Into the Blue

Summer offers offshore fishing opportunities for species like cobia, snapper, amberjack, gag and red grouper, hogfish and a host of other species.

Offshore fishing on wrecks

Jack Crevalle are another species that can enter the mix offshore.

If you have an offshore vessel (or like me have friends that do) you’re in luck because some of the most delicious fish in all of Florida are readily available this time of year. If you can get out to a wreck, reef or just find some good hard bottom, you’re in for some rod bending, heart pounding action that will leave you itching for more.


Offshore Fishing Tactics

There are many ways to tackle these various species including trolling, bottom fishing and spearfishing. Many of the available species can be caught using multiple methods.

Trolling for groupers can just as easily result in a hook up with a cobia, amberjack, barracuda or shark. Similarly, bottom fishing for groupers can also result in hook ups with various other species.

Offshore fishing for groupers

Red grouper – it’s what’s for dinner.

**Note: Here’s a cheat code for you, FWC has a list of public numbers of wrecks and reefs that are published online, check it out!

Whatever method that you choose to employ, there is one common denominator – structure or hard bottom. Nearly all of these fish are structure oriented.

Being structure oriented means that these fish make their homes in sunken boats, ledges, caves sunken wreckage of airplanes and all manner of other underwater cover. Fish nearly always hang tight to these structure to find food and hide from predators.

In the game of offshore fishing on bottom fishing structures, if you’re 20 feet off a spot you may as well be a mile off the spot. While there are certainly exceptions at times, you really want to be as close to the structure as possible.

Things to Remember

This being the case, a good bottom machine is essential to know where both you and the fish are. Just prepare yourself to lose tackle because fishing close to structure provides a multitude of ways for a fish to cut or break you off.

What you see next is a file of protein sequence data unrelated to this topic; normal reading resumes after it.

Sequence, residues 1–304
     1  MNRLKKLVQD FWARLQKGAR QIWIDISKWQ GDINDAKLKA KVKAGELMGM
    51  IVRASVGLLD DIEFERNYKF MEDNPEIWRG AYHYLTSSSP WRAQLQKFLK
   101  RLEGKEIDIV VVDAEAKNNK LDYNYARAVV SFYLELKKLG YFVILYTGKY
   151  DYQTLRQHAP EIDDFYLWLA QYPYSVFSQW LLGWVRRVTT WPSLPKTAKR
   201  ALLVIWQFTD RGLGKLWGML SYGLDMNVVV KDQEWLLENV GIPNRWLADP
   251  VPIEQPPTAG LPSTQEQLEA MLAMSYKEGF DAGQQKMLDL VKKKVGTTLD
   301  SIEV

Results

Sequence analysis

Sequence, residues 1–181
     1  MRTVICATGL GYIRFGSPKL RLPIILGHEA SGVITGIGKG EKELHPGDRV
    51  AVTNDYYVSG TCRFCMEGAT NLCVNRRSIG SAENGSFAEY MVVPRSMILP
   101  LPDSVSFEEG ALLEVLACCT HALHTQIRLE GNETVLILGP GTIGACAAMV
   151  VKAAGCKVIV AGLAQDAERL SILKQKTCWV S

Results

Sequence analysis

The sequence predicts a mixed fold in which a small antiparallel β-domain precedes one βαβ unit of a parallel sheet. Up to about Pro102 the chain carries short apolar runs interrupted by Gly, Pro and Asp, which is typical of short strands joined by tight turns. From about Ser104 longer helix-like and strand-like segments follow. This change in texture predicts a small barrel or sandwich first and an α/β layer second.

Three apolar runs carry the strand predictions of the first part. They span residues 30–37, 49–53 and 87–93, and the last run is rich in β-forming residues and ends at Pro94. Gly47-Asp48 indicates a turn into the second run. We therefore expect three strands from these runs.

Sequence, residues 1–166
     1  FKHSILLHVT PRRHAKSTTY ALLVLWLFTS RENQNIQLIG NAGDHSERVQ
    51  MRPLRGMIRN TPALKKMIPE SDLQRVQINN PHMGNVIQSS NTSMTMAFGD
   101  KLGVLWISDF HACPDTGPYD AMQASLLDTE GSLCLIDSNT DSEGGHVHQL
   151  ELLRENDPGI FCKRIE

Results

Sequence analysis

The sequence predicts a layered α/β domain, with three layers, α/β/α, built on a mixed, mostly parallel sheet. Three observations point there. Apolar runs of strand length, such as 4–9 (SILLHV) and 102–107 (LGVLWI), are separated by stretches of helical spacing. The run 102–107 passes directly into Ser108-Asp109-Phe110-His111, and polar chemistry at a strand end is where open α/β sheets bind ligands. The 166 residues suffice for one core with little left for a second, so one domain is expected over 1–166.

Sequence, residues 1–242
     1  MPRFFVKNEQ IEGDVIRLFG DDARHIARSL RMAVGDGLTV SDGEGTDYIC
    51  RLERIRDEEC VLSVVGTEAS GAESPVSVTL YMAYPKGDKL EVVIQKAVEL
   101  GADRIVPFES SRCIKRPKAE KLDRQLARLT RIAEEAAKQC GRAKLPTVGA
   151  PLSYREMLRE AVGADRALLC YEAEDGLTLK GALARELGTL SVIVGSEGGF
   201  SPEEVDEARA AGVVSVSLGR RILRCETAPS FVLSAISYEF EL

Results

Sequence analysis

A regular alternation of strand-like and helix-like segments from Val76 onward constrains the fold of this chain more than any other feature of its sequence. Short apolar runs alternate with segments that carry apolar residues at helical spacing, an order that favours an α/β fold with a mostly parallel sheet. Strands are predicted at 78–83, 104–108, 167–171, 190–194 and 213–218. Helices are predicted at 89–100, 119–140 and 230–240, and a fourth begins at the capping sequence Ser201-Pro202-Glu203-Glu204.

A word of caution, the offshore game requires taking certain precautions as well as practicing etiquette. This is especially true when there are divers in the water.


Make sure if you’re diving that you fly a dive flag to let other boats know there are people in the water and can prevent serious accidents. If you see boats flying dive flags stay at least 300 feet away.

Other safety precautions including always checking your radio, batteries, and all other electronics to make sure that they’re functioning properly. Also having an EPIRB and doubles of everything. Also pay special attention to the weather as it can turn very quickly offshore and turn dangerous.

In Sum

Aside from safe fishing practices, be sure to use proper etiquette. The ocean is huge, there’s more than one piece of rubble and structure down there.

If you get to a spot and see someone already fishing there give them a great deal of space or move on completely. There’s no reason to fish right on top of another boat – find another pile or go to the opposite end of the wreck.

Remember your etiquette, be safe, follow all the laws set down by FWC and have fun! Offshore fishing is awesome!

Until next time, Tight Lines.

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